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air of the corridor on her cheek, she slid down off her pillow and ducked her head under the sheet. Then, to her horror, she felt the blanket slowly slipping away and, peering out, was frozen stiff to see a tall figure, dressed in white, standing at the foot of her bed, its long, skinny fingers clutching at the covering. Without even a groan she passed promptly into a fit of unconsciousness, known as a dead faint, where, with only a sheet over her, she lay until the cold woke her. She left by the early coach and believes to this day that she would have been strangled had she offered the slightest protest. Nor did her hostess’s letter, covering a full explanation, satisfy her. “It was not a ghost you saw, my dear, but the bishop, who wanted an extra blanket, and who jumped out of bed in search of one, and into your room, thinking it empty. It’s a mercy you didn’t scream, for then the situation could never have been explained—better say nothing about it, or, if you do—stick to its being a ghost.”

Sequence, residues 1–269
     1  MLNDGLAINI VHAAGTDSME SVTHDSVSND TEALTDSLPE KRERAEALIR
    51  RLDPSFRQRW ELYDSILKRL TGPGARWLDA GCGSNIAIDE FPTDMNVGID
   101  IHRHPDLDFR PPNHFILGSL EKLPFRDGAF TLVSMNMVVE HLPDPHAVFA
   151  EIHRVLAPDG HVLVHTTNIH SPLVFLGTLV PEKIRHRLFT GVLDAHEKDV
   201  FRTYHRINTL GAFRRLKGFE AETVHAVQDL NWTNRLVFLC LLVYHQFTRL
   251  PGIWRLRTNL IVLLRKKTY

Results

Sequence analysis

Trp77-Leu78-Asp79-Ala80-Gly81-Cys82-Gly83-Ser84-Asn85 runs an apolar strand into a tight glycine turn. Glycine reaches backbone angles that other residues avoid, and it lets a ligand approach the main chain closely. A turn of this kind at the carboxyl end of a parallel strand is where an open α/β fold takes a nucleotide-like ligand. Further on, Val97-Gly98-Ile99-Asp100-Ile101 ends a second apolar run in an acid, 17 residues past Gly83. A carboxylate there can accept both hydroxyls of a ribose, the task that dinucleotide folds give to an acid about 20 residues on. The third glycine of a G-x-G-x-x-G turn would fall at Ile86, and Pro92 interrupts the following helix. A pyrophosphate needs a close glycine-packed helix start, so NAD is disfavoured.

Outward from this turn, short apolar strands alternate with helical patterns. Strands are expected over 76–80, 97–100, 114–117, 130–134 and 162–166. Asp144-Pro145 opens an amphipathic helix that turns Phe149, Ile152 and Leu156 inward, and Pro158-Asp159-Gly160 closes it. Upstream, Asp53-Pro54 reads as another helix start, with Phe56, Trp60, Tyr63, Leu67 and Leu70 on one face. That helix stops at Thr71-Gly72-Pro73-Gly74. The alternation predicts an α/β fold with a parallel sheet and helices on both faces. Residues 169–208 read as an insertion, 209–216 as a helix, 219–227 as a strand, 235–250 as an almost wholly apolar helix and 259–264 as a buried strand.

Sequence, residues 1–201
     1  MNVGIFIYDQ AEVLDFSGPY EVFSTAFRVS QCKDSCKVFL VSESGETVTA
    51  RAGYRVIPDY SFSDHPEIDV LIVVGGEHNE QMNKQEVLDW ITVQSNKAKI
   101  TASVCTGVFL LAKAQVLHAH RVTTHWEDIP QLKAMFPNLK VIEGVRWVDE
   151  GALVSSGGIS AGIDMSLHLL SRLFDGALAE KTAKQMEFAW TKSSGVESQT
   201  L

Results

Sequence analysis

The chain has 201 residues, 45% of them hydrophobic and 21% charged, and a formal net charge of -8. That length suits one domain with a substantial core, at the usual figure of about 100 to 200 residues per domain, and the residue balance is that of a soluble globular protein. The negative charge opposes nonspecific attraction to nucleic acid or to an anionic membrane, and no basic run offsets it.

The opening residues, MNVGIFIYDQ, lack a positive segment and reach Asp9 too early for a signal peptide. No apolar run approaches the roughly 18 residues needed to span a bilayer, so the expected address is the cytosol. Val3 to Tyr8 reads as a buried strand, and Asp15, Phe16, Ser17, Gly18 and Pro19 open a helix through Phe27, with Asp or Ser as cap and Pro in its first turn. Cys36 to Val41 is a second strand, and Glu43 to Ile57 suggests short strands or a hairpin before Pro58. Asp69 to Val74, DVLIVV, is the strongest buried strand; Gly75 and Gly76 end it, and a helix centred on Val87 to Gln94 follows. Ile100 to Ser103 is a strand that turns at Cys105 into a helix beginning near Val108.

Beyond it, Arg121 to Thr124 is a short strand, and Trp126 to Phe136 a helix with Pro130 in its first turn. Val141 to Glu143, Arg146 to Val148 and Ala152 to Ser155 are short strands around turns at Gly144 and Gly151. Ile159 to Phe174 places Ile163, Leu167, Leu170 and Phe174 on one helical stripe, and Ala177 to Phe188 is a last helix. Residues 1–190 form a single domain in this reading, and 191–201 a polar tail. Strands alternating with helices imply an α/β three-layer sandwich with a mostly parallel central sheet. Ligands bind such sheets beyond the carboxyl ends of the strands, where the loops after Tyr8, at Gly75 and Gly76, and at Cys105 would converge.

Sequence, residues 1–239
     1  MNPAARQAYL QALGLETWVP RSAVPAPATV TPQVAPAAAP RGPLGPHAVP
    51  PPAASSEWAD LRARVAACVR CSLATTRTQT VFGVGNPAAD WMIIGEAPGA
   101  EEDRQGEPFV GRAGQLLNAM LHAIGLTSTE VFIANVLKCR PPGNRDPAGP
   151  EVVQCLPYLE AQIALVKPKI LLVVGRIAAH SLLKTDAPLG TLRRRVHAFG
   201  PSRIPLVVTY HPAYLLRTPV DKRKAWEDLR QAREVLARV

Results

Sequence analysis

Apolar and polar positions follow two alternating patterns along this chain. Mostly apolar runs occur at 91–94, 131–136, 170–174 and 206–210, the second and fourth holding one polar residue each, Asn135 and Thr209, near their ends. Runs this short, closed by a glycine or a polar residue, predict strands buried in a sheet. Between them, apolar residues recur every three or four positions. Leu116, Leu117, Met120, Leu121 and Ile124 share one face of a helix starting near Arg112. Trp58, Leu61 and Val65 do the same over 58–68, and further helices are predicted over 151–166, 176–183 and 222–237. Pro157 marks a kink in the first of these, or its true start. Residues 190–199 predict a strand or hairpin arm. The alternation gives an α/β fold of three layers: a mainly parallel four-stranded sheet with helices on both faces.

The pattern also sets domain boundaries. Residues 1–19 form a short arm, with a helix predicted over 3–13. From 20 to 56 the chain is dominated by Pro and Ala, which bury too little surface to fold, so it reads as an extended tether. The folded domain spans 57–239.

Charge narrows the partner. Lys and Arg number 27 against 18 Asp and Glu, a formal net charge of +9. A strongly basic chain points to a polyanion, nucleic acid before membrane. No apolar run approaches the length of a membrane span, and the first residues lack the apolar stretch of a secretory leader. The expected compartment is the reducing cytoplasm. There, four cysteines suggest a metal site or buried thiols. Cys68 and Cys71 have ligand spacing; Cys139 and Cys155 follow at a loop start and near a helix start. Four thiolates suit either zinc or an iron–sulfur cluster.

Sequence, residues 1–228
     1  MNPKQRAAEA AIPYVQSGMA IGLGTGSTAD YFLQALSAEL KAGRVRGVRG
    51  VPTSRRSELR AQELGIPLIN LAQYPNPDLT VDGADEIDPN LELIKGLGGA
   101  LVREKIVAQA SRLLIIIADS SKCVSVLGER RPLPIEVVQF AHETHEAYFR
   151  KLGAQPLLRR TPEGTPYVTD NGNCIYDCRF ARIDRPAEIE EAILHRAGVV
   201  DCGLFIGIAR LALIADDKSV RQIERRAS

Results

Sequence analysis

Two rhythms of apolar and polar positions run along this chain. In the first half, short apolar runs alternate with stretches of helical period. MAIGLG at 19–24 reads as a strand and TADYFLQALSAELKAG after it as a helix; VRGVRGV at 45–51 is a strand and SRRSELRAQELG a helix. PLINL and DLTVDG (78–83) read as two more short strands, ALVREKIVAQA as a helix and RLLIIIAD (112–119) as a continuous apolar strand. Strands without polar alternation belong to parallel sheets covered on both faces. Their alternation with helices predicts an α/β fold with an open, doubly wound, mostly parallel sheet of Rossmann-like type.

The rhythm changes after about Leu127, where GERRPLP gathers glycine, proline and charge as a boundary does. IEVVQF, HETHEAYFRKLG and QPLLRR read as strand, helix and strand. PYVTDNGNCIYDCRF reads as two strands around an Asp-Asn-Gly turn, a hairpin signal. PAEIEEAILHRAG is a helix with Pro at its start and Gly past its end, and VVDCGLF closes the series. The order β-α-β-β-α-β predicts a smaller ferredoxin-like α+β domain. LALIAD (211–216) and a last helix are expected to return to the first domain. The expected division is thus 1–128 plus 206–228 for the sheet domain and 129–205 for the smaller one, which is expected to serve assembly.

While these and other yarns were sent spinning around the table, Louis had cut in, of course, with all sorts of asides—some whispers behind his hand to his next neighbor—some squibs of criticism exploded without rhyme or